New York City, NY

The Great Debate: Composting NYC's Tons of Dog Poop, One Community's Experiment

Sara Irshad

New York City has long struggled with the problem of dog waste. In 2020, the city issued 92,000 dog licenses, but surveys conducted by the city health department indicate that the number of canines could be five times higher than the official count.

In a city where the average urban dog produces significant waste, counted and uncounted dogs generate about 74 tons of poop per day or 27,000 tons annually. The excrement typically ends up in a landfill, releasing methane, a greenhouse gas.

However, in Battery Park City, pet owners work together to create a more sustainable solution. They have been composting pet feces since 2019 to help grow plants on roadside medians. With composting bins in or around the area's three dog runs, the neighbourhood program has already composted almost 5,700 pounds of dog waste, slightly over half a ton per year.

The plan now is to expand the program beyond these eight bins, and by spring 2023, a larger capacity composter that can handle as much poop as the neighbourhood dogs produce will be in place.

The aim is to divert all of the estimated 200 pounds (36 tons annually) of dog waste from landfills, as only 10% of it is currently composted. The Battery Park City Authority, a government organisation managing land in the area owned by the Port Authority, is in charge of this initiative.

Pet waste can be a climate change problem, as the piles of droppings left on the street contain up to 23 million forms of fecal coliform bacteria per gram, which can enter rivers and drinking water or stick to shoes. But it is also an aesthetic problem and a potential health risk.

Roundworms and hookworms commonly found in pet waste can survive for weeks or even years in parks, playgrounds, and other public areas. In 2018, a Penn State survey showed that 25% of urban dog owners do not pick up after their dogs, and their pets' droppings can carry diseases that can be transmitted to both humans and other animals.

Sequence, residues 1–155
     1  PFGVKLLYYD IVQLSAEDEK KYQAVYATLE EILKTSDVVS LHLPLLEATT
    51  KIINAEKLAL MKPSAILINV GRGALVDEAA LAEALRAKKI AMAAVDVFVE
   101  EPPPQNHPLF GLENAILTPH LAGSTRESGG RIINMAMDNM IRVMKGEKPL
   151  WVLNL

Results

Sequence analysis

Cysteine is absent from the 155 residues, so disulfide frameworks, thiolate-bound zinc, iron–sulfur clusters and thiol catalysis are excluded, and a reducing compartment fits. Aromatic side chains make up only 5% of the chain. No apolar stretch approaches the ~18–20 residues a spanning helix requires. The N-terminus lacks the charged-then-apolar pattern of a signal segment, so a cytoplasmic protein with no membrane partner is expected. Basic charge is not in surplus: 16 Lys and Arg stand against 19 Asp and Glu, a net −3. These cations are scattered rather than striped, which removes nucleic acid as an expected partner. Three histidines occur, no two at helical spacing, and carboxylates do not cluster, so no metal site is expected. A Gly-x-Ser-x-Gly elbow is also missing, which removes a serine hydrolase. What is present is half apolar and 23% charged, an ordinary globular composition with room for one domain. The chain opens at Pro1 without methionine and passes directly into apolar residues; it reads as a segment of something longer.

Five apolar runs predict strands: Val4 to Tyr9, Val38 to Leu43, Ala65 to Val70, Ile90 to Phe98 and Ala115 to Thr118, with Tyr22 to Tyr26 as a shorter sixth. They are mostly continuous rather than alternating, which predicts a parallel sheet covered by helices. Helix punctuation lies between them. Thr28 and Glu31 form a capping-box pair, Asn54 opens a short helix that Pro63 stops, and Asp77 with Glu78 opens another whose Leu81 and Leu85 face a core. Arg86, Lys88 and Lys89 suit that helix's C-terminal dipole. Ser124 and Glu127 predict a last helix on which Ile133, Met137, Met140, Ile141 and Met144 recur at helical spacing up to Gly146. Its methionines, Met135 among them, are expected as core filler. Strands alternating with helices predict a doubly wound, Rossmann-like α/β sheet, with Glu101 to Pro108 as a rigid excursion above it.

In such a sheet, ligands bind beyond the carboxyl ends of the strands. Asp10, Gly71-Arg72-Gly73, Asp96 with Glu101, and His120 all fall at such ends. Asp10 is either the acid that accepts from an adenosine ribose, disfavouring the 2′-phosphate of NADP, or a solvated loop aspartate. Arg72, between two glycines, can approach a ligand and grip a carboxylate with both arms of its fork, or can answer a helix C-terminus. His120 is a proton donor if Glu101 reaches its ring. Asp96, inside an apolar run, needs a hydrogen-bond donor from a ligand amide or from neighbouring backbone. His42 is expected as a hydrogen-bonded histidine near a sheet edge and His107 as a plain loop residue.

The composting stations in Battery Park City consist of small green metal bins for dog waste, and every day, the containers are emptied by employees maintaining the parks and dog runs. The dog waste is weighed, and organic, carbon-filled materials, such as newspaper, wood chips, sticks, or leaves, are added to create energy and encourage microorganisms to break down the poop into compost. The compost is safe for planting beds in medians along the West Side Highway within a year.

The composting program in Battery Park City could be a model for a citywide system, and its success shows how it is possible to make a difference with a little effort. By composting dog poop, the city can reduce the amount of waste in landfills, promote sustainability, and improve the quality of life in public areas.

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I'm a professional content creator and article writer with a passion for crafting engaging and informative pieces. With a focus on technology, business, and lifestyle topics, he creates high-quality content that informs, entertains and educates.

New York, NY

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